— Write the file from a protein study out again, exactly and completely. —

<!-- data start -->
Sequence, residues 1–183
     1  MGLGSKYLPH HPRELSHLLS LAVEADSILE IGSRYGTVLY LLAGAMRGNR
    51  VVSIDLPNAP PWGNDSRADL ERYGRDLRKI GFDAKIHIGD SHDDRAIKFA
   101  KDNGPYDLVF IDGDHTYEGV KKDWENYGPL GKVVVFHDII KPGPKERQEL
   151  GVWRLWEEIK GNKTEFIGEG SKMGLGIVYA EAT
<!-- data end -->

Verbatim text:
Sequence, residues 1–183
     1  MGLGSKYLPH HPRELSHLLS LAVEADSILE IGSRYGTVLY LLAGAMRGNR
    51  VVSIDLPNAP PWGNDSRADL ERYGRDLRKI GFDAKIHIGD SHDDRAIKFA
   101  KDNGPYDLVF IDGDHTYEGV KKDWENYGPL GKVVVFHDII KPGPKERQEL
   151  GVWRLWEEIK GNKTEFIGEG SKMGLGIVYA EAT